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How Do Debt Negotiations Affect Mississippi?

By Daniel Cherry | Published 25 Jul 2011 06:00pm | comments
Credit: Associated Press

With about a week before the deadline for Congress to agree on a debt deal, financial experts are weighing in on potential impacts. MPB's Daniel Cherry reports on what a breakdown in Washington could mean for Mississippi.

If Congress can't make a deal on a debt increase, the U.S. won't have borrowed funds to pay its bills. Dr. Nancy Lottridge Anderson assistant professor of business at Mississippi College. She says like the rest of the country Mississippi would feel the pinch if the rate the U.S. Treasury is charged for its debt goes up.

"If that rate goes up, which it certainly will if we don't reach an agreement, then that's going to ripple throughout our economy. Everything is going to be more expensive, and it's going to be more difficult to get credit than it is now."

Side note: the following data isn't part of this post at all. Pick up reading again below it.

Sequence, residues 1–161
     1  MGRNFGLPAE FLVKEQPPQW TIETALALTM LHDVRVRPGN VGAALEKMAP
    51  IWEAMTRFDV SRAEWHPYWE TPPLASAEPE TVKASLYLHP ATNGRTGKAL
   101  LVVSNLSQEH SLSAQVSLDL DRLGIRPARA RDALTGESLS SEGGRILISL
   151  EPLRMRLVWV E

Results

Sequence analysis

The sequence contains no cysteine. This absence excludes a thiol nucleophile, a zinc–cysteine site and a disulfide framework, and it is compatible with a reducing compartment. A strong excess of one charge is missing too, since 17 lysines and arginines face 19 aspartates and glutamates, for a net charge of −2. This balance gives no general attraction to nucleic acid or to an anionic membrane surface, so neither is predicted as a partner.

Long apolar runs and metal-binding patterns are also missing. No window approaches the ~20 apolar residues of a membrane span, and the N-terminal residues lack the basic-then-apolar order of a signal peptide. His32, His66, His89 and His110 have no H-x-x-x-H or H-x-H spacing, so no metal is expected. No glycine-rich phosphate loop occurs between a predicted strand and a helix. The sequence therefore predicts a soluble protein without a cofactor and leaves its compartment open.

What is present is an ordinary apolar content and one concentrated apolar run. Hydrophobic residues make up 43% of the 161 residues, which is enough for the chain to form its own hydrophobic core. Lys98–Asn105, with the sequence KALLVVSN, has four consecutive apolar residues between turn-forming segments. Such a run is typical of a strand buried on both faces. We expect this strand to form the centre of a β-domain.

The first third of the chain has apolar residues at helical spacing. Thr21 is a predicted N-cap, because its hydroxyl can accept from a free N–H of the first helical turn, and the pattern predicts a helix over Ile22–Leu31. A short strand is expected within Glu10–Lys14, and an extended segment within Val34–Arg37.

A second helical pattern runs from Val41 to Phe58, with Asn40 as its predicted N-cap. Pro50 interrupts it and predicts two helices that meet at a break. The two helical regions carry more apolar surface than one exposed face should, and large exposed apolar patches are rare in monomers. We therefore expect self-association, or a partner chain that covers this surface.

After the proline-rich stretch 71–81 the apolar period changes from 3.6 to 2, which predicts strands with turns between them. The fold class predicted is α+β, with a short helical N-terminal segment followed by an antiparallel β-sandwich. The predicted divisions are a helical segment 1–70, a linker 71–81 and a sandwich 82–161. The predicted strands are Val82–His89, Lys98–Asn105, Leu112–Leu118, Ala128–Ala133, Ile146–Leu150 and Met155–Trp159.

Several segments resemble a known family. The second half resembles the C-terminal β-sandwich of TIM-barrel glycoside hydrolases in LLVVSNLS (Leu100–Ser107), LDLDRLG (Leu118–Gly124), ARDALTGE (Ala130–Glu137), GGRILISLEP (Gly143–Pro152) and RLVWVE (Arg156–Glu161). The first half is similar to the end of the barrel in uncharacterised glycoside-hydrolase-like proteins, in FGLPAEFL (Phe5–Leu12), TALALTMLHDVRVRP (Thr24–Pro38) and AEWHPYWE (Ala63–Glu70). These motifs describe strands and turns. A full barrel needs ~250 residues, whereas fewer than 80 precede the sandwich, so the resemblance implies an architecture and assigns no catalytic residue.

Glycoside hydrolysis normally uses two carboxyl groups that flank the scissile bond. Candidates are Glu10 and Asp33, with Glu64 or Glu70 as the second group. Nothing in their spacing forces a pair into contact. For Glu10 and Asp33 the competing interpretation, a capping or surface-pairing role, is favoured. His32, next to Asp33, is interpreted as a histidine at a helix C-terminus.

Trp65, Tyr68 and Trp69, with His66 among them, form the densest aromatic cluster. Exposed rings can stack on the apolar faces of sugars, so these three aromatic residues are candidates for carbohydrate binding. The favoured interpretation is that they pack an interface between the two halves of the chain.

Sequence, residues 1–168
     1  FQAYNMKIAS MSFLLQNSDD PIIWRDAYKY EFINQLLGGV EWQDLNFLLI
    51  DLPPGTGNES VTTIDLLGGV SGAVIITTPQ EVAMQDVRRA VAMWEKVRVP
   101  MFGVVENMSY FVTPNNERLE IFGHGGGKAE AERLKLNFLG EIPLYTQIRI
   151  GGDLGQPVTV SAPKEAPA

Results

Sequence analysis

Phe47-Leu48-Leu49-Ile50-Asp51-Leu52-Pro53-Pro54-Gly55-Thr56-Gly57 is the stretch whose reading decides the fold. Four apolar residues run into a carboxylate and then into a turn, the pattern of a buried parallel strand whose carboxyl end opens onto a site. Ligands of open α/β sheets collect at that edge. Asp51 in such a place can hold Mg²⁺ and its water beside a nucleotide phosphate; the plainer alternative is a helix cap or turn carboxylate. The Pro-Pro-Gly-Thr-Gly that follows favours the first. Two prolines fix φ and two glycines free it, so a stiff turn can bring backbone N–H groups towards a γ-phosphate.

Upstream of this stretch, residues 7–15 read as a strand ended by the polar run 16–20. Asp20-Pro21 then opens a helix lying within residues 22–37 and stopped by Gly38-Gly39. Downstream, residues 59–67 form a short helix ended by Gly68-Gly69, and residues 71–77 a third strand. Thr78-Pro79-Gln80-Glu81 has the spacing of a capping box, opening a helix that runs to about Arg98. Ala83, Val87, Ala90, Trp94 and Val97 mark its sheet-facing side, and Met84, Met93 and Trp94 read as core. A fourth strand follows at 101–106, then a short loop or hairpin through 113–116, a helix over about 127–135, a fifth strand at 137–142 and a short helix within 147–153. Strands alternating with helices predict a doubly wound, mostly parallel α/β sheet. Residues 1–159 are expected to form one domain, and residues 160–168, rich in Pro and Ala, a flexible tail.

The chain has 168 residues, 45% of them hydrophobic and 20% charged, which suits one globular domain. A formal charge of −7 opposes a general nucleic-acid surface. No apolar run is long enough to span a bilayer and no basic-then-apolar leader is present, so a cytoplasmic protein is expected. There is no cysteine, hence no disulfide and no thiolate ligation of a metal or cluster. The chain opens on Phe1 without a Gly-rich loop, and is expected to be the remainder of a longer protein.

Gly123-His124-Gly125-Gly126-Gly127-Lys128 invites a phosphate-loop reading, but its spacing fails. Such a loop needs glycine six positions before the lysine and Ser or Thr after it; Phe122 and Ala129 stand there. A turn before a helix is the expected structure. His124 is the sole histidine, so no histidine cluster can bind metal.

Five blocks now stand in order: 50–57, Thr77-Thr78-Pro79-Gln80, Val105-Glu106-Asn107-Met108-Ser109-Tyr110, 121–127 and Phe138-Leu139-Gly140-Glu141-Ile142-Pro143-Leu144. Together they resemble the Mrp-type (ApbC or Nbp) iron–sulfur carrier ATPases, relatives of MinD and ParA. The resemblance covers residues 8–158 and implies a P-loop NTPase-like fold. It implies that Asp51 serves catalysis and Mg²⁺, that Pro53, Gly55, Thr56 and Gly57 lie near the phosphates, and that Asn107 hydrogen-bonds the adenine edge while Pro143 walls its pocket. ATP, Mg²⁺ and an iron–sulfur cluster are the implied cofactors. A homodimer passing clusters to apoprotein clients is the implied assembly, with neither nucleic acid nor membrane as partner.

A big sticking point in the negotiations is the amount of cuts to federal spending. Dr. Marty Wiseman, the Director of the Stennis Institute of Government says Mississippi stands to lose millions if the cuts go through.

"Mississippi being in many ways, the poorest state in the Union, will feel this percentage wise more than anybody else. Mississippi will stand to take a big hit as compared to some state that's getting dollar for dollar back from Washington for every dollar they send."

The state currently gets about 2 dollars from the federal government for each dollar paid in taxes.

In recent days the negotiations have stalled in Washington. Dr. Nancy Anderson says the stock markets have already seen some effects. She says if no deal is made it's likely stocks will start dropping even more.

"In Mississippi all that translates to certainly our 401Ks if we see the stock market decline, if we see problems in the bond market. Then we're really losing retirement income...potential income."

Dr. Anderson says at the most risk are those with large amounts of credit card debt, although all variable interest rates are subject to spiking if no deal is made.

Watch U.S. Senator Roger Wicker (R-MS) address debt negotiations. 

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Credit: Associated Press


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